First published in 1842, this book is an extensive collection of traditional rhymes divided into eighteen categories. Some rhymes have brief annotations about their origin and meaning, although later scholars have questioned the accuracy of these. Illustrated by W. B. Scott. This edition has been digitized and is available online through sites such as Project Gutenberg and Archive.org. Also see Origins, Historical Interpretations, and Hidden Meanings.

  • Halliwell-Phillipps, James Orchard. Popular Rhymes and Nursery Tales: A Sequel to the Nursery Rhymes of England. Detroit: Singing Tree, 1968.

    E-mail Citation »

    Anthology of assorted rhyme and tales gathered from a largely rural, oral tradition. Includes substantial commentary on the meanings and origins of the rhymes. One of the earliest examples of nursery rhyme scholarship, this influenced much subsequent work on the topic, though scholars such as Goldthwaite have critiqued anachronisms evident in Halliwell-Phillipps’s interpretations. Originally published in 1849 (London: Smith), this book is available online through Project Gutenberg and Archive.org. Also see Origins, Historical Interpretations, and Hidden Meanings.

  • Opie, Iona, and Peter Opie. The Oxford Dictionary of Nursery Rhymes. 2d ed. Oxford: Clarendon, 1997.

    E-mail Citation »

    Originally published in 1951, this foundational work in the field of nursery rhyme scholarship remains one of the most comprehensive reference tools available. Introduction provides an overview of different types of rhymes, their origins in the oral tradition, and the history of their appearance in literature in Great Britain and the United States. Includes several hundred rhymes arranged alphabetically and comprehensive notes on sources, variations, and possible meanings. Also see Anthologies and Origins, Historical Interpretations, and Hidden Meanings.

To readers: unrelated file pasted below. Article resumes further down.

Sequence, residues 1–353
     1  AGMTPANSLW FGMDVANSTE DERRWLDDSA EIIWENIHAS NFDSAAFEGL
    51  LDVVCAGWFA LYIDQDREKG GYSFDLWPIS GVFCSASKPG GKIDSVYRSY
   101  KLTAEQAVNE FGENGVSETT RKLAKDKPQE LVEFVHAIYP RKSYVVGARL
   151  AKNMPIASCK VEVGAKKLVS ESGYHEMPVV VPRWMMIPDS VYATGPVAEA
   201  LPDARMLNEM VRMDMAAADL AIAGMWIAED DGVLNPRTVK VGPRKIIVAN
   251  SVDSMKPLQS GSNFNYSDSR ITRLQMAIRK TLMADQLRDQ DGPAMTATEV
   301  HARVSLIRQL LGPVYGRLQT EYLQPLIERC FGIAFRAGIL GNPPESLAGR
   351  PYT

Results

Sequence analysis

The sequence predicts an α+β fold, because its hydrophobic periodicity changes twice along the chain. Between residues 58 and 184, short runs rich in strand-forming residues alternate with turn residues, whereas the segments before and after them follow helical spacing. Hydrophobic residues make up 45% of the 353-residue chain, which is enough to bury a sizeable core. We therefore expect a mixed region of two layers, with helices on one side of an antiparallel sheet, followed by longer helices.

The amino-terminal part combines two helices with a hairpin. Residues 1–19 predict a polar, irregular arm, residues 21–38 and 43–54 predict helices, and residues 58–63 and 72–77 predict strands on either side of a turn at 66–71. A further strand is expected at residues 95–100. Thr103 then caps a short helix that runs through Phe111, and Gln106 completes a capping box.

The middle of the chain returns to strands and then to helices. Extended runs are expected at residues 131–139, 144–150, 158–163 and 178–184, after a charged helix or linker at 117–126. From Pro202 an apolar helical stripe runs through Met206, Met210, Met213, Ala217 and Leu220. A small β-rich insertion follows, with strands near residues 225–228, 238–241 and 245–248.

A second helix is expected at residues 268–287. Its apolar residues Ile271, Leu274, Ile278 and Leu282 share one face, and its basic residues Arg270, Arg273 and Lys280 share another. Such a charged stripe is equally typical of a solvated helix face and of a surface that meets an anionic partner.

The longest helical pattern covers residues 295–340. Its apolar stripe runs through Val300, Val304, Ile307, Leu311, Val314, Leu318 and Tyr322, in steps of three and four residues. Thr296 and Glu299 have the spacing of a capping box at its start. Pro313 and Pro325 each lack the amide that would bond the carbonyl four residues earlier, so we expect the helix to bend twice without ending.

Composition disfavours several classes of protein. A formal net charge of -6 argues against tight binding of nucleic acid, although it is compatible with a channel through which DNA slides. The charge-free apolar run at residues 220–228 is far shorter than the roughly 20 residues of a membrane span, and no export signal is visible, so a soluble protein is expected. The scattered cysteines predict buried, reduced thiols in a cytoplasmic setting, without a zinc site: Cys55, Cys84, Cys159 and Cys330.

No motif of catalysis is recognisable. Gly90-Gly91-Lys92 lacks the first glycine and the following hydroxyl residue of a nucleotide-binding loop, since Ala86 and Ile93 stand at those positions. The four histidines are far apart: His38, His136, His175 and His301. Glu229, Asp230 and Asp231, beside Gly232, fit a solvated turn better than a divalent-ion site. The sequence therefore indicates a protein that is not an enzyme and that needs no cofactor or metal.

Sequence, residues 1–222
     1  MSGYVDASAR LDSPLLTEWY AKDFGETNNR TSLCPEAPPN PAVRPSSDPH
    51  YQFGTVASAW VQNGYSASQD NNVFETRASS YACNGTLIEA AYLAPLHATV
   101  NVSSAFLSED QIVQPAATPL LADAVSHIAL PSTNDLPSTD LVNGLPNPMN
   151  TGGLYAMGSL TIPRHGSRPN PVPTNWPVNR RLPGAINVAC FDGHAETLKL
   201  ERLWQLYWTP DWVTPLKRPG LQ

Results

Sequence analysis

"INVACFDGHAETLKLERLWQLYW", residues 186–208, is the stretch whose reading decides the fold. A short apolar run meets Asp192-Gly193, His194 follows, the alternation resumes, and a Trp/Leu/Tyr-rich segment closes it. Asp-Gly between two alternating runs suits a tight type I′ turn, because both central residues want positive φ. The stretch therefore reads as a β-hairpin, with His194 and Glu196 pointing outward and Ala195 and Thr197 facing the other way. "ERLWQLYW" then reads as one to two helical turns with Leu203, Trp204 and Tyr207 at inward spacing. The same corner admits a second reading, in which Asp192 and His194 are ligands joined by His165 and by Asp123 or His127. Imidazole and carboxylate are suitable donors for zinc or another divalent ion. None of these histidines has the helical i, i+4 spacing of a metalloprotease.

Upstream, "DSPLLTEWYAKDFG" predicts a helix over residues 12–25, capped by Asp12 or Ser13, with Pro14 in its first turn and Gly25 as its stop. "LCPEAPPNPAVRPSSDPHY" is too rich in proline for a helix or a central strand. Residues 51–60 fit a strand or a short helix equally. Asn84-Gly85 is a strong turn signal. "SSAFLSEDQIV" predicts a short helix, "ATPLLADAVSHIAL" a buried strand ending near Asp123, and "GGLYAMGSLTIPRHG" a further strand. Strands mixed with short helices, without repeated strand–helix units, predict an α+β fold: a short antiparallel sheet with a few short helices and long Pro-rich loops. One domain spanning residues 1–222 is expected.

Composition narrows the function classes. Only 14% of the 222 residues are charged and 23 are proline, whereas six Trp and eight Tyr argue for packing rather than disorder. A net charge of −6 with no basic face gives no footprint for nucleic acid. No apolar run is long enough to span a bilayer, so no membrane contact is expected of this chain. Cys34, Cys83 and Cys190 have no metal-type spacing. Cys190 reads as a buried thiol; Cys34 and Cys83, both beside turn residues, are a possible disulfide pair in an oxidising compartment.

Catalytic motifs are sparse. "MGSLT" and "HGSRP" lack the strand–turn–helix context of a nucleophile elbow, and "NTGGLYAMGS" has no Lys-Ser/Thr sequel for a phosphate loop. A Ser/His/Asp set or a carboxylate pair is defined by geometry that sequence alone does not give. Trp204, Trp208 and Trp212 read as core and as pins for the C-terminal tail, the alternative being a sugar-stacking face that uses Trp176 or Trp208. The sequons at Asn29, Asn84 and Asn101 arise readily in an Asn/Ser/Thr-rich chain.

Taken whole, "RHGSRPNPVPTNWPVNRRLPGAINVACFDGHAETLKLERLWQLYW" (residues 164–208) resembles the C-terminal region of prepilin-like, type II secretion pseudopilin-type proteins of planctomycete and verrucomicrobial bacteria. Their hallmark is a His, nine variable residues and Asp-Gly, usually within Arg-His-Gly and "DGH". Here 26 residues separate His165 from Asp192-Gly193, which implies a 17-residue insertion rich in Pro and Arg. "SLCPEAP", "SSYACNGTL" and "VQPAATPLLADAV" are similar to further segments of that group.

• Russell, David L. Literature for Children: A Short Introduction. 6th ed. Boston: Pearson, 2009.

    E-mail Citation »

    Basic introduction to different periods and genres of children’s literature. Chapter 6, “First Books” (pp. 111–133) will be helpful to new education students as it touches briefly on frightening and violent elements of nursery rhymes; their role in cognitive, aesthetic, social, and physical development; and nursery rhyme illustration.

  • Schellenberger, Kirsti. “From Mother Goose to the Modern World: Contextualizing the Development of Children’s Poetry.” MA thesis, Simon Fraser University, 1996.

    E-mail Citation »

    Explores rhymes as responses to communal experiences, examines their unifying features, and outlines some of their psychological and social functions. Includes linguistic analyses of select rhymes and a consideration of how children’s poetry is defined according to changing social contexts.

  • Vocca, Donarita. “Mother Goose.” In The Continuum Encyclopedia of Children’s Literature. Edited by Bernice E. Cullinan and Diane G. Person, 560–562. New York: Continuum, 2003.

    E-mail Citation »

    A concise overview of the history of Mother Goose rhymes from their roots in the oral tradition to the 20th century. Includes a summary of the different critical approaches to the study of nursery rhymes and an outline of some of the earliest published collections of rhymes.

  • Please, wait while we are validating your browser

    0 comments

    Leave a Reply

    Your email address will not be published. Required fields are marked *